• 10% RPS: new requirements to produce 10 percent of generated electricity from renewable sources by 2020
  • Clean coal: a new 20 percent investment tax credit for clean coal facilities and a new 20 percent investment tax credit for coal gasification units that produce fuels and chemicals; Tax breaks, loans and credits to companies for technology to voluntarily reduce carbon dioxide emissions - such projects may include coal gasification and carbon sequestration
  • Ethanol: a requirement for refiners to use 8 billion gallons of ethanol by 2012


Kjartan Jansen: June 27, 2005, 2:13 PM

I was traveling at tail end of last week (on my way back from a conference), and missed the opportunity to post anything on Friday or over the weekend. The below is a summary of the last few days (and also some items from last week I didn’t have time to comment on during the conference).

  • GE plans largest desal plant in Africa. As a part of GE’s ecomagination effort, GE Infrastructure, Water & Process Technologies today announced it plans to build Africa’s largest saltwater desalination plant in Algeria. The project is scheduled to begin this month, and last for 24 months, so the majority of the technology is likely already spoken for. This does however underscore the continued interest in desal, another source of demand for improvements in membrane technologies (briefly discussed before in this blog).
  • Merrill Lynch, World Resource Institute collaborate on “Energy Security & Climate Change: Investing in the Clean Car Revolution??? report (see here for WRI’s announcement and here for Greenbiz’s article on the report). It’s good to see increased coverage of public Cleantech companies. From a venture perspective, the public markets offer an obviously attractive exit path, although in the near term, M&A’s are a more likely source of liquidity for investors.
  • This article in the Seattle Times today addresses VC interest in electric cars. Has the recent success of hybrid cars such as the Toyota Prius paved the path for electric cars? An interesting question we may discuss at some point. In the meantime, read the article.
  • Ballard Signs Agreement to Sell German Subsidiary to DaimlerChrysler and Ford. The automakers continue to show interest in fuel cell technologies. While the word is still out on the hydrogen economy (see this post), it is good and interesting (in light of the above bullet) to see the automakers taking a long term perspective on fuel cells.
  • And finally, adding even more on to this post, HelioVolt Receives $8 Million from New Enterprise Associates to Develop Thin-Film Solar Technology. The Company seeks to dramatically shorten CIS (Copper Indium Selenide) photovoltaic manufacturing and thermal budget (total amount of thermal energy transferred to the wafer during the given elevated temperature operation). One word on the VC market for solar: Sizzle.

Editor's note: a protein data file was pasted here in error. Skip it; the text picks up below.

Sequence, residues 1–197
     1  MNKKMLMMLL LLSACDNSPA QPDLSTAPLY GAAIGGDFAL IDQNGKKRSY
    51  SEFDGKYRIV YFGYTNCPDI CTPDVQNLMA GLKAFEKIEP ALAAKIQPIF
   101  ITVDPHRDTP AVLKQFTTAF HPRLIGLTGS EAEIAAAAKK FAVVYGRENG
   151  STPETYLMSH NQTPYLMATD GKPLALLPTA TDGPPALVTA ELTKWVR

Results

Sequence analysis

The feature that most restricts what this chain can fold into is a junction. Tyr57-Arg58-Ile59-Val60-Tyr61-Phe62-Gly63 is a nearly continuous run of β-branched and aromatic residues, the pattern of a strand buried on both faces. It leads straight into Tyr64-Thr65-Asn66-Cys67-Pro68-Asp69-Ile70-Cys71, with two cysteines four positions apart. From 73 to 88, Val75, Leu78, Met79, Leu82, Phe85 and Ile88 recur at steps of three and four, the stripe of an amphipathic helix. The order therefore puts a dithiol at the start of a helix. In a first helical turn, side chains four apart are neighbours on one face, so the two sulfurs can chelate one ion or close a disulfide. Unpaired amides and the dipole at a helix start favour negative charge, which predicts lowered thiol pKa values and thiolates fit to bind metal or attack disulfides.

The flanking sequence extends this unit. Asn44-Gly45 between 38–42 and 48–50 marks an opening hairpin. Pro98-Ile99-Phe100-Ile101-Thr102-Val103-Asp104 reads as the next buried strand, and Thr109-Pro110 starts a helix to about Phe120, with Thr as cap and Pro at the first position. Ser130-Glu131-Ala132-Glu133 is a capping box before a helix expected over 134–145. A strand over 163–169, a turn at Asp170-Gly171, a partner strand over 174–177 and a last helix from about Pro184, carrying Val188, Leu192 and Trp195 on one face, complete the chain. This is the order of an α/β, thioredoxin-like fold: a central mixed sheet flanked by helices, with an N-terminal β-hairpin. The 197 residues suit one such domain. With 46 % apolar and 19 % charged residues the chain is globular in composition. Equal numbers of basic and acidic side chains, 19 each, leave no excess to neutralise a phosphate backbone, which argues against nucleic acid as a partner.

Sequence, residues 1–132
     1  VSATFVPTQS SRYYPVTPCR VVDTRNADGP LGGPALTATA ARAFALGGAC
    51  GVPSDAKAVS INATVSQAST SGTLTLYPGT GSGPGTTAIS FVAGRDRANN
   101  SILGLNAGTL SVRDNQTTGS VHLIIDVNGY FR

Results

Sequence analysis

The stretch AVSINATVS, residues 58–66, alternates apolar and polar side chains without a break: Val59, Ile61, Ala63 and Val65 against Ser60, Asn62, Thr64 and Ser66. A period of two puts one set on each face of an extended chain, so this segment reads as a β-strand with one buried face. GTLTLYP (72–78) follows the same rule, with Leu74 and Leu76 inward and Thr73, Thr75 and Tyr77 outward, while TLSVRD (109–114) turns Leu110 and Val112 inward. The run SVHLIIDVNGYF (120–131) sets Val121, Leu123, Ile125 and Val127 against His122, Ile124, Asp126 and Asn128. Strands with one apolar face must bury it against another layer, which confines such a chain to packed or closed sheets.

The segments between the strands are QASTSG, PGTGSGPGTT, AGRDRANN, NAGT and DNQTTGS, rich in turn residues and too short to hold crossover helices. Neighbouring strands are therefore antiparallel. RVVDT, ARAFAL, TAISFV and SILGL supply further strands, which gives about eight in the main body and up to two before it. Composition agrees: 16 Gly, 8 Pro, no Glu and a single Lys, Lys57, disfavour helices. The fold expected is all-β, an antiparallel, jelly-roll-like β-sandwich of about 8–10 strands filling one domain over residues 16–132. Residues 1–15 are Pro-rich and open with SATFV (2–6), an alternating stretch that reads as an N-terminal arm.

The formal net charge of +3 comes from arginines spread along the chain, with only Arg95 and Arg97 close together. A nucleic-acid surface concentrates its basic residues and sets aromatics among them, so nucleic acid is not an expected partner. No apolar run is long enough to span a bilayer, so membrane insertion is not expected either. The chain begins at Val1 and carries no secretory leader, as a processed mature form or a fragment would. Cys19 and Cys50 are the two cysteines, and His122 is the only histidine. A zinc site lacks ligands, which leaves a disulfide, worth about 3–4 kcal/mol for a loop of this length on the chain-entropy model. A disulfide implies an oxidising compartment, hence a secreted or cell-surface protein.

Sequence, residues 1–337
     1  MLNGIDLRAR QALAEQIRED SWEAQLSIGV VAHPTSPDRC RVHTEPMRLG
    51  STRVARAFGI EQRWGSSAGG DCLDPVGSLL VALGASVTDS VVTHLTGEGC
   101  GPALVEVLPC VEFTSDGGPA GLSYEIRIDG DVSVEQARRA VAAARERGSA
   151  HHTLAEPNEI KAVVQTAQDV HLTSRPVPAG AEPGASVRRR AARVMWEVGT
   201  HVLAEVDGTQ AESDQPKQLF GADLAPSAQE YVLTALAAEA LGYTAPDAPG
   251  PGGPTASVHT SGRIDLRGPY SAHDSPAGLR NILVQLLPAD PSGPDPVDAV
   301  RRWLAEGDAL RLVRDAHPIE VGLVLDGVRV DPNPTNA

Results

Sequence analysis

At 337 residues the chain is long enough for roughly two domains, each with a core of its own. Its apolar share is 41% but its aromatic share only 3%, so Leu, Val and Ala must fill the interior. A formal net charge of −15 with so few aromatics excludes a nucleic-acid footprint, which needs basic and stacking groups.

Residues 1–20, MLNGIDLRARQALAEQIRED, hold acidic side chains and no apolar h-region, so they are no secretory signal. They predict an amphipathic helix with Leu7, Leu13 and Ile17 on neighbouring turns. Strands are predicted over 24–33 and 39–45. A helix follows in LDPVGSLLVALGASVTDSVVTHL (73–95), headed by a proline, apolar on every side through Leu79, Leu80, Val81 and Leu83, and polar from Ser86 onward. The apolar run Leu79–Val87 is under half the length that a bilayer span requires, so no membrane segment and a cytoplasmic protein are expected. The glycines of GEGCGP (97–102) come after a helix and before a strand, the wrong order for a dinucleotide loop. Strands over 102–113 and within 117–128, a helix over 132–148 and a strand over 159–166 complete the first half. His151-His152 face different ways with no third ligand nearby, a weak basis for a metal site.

New Energy Capital Raises $30 Million in Financing

Kjartan Jansen: June 23, 2005, 12:58 PM
Project finance fund New Energy Capital announces $30M funding, $15M from CalSTRS and $15M from Vantage Point. Click here for Live Power News’ write up of the announcement. Adding to Mark McFadden’s article, it’s great to see NEC’s progress. The team is solid, and it also provides the much needed project finance component of the Clean Technology equation.

Who said Clean Technology is gaining traction(?) and another water acquisition

Kjartan Jansen: June 22, 2005, 1:37 PM

Oh, right, everyone. Today, this article in New York Times, as well as an article in the print edition of the current Red Herring (note: link is now here), both point to the increased interest in Clean Technology, and some reasons why it is a compelling area for venture dollars.

In the New York Times article, Ira Ehrenpreis (who is a friend of our firm), partner at Technology Partners (a great Silicon Valley VC) says the reason his firm allocates money to the sector is he believes it is an area that can generate attractive returns.

Other key take-aways from the article include (and are not new to readers of this blog):

  • The sector is underinvested relative to the opportunity
  • Clean Technology represents huge, multi-billion dollar markets
  • Expect to see smaller niche-sized startups, rather than an array of Clean Technology Google, E-bay’s and Yahoo’s


Earlier this week, Watts Water Technologies announced the acquisition of Alamo Water Refiners, Inc.

One interesting thing to note about this transaction, beyond the fact that it is in the water quality segment, is that Alamo Water Refiners is reported to have annual revenues of approximately $13M. This stands in stark contrast to the $1.1B Mueller Industries reportedly had in 2004 revenues at the time of its acquisition by Walter Industries and ~$440M of revenues Ionics had when GE announced its intent to acquire it last year.

Energy Innovations raised $16.5M round led by Mohr Davidow Ventures

Kjartan Jansen: June 21, 2005, 10:27 AM
Adding a bullet to this recent blog post on investments in solar companies: